Kotler Krash Connecting With Customers

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Today companies face their toughest competition ever. Moving from a product and sales philosophy to a holistic marketing philosophy, however. given them a better chance to outperforming the competition. And the cornerstone of a well conceived marketing orientation is strong customer relationship. In this presentation, we discuss how companies can win customers expectations. We also discuss the use of database marketing for customer relationship management

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  • It was announced in Aug 2013, India is now world’s third largest Internet user after U.S., ChinaInternet users: 205 million as of Oct and saw a 40% growth in the last year itself , the only country to grow faster then India was Brazil. China has the world’s biggest online presence; Its Internet users outnumber Indians by a ratio of 5: 1
  • Total number of registered brands in India: 14000Total number of registered brands in USA: 800,000Tata Group itself has 131 brands registered while HUL owns 45
  • Customers estimate which offer they believe—for whatever reason—will deliver the most perceived value and act on it.
  • Suppose the buyer for a large construction company wants to buy a tractor for residential construction from either Caterpillar or Komatsu. He wants the tractor to deliver certain levels of reliability, durability, performance, and resale value. The competing salespeople carefully describe their respective offers. The buyer decides Caterpillar has greater product benefits based on his perceptions of those attributes. He also perceives differences in the accompanying services—delivery, training, and maintenance—and decides Caterpillar provides better service as well as more knowledgeable and responsive staff. Finally, he places higher value on Caterpillar’s corporate image and reputation. He adds up all the economic, functional, and psychological benefits from these four sources—product, services, personnel, and image—and perceives Caterpillar as delivering greater customer benefits.Suppose Caterpillar concludes the buyer sees its offer as worth $20,000. Further, suppose Caterpillar’s cost of producing the tractor is $14,000. This means Caterpillar’s offer generates $6,000 over its cost, so the firm needs to charge between $14,000 and $20,000. If it charges less than $14,000, it won’t cover its costs; if it charges more, it will price itself out of the market.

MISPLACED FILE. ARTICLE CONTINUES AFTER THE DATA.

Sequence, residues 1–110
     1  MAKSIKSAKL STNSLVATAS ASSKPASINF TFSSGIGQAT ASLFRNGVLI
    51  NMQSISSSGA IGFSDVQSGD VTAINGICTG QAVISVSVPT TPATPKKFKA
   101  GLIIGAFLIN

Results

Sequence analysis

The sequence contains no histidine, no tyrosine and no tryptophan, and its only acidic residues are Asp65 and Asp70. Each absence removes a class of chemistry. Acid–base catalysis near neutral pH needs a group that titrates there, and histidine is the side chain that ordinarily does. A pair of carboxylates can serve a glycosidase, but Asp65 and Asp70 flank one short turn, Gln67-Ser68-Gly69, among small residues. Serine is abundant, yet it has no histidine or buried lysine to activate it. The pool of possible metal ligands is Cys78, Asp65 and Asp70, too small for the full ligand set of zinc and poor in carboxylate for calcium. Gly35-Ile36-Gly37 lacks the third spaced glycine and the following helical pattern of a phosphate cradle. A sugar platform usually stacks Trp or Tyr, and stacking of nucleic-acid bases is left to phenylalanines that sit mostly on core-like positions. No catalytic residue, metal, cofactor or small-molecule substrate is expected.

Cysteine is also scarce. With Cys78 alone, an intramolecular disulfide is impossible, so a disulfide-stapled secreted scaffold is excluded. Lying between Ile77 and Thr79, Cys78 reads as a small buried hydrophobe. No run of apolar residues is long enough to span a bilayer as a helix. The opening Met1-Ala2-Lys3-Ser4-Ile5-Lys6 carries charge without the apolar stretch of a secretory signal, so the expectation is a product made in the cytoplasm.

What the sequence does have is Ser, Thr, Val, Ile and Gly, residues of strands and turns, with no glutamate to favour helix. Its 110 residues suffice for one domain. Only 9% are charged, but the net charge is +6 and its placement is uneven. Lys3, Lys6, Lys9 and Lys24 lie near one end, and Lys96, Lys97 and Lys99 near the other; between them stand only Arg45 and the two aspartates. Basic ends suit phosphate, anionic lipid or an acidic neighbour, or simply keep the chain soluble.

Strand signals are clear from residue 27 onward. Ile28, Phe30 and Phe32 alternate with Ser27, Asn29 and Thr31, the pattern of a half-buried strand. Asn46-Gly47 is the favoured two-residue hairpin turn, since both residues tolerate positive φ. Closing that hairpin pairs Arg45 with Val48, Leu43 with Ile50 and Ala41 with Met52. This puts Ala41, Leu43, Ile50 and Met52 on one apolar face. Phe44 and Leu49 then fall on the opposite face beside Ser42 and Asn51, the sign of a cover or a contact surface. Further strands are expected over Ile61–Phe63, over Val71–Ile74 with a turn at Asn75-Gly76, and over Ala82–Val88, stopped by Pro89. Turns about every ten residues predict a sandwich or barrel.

• The value proposition consists of the whole cluster of benefits the company promises to deliver; it is more than the core positioning of the offering. For example, Volvo’s core positioning has been “safety,” but the buyer is promised more than just a safe car; other benefits include good performance, design, and safety for the environment. The value proposition is thus a promise about the experience customers can expect from the company’s market offering and their relationship with the supplier. Whether the promise is kept depends on the company’s ability to manage its value delivery system. The value delivery system includes all the experiences the customer will have on the way to obtaining and using the offering. At the heart of a good value delivery system is a set of corebusiness processes that help deliver distinctive consumer value.
  • In general, satisfaction is a person’s feelings of pleasure or disappointment that result from comparing a product’s perceived performance (or outcome) to expectations. If the performance falls short of expectations, the customer is dissatisfied. If it matches expectations, the customer is satisfied. If it exceeds expectations, the customer is highly satisfied or delighted. Customer assessments of product performance depend on many factors, especially the type of loyalty relationship the customer has with the brand. Consumers often form more favorable perceptions of a product with a brand they already feel positive about.
  • How do buyers form their expectations? Expectations result from past buying experience; friends’ and associates’ advice; and marketers’ and competitors’ information and promises. If marketers raise expectations too high, the buyer is likely to be disappointed. If it sets expectations too low, it won’t attract enough buyers (although it will satisfy those who do buy). Some of today’s most successful companies are raising expectations and delivering performances to match. Korean automaker Kia found success in theUnited States by launching low-cost, high-quality cars with enough reliability to offer 10-year, 100,000 mile warranties.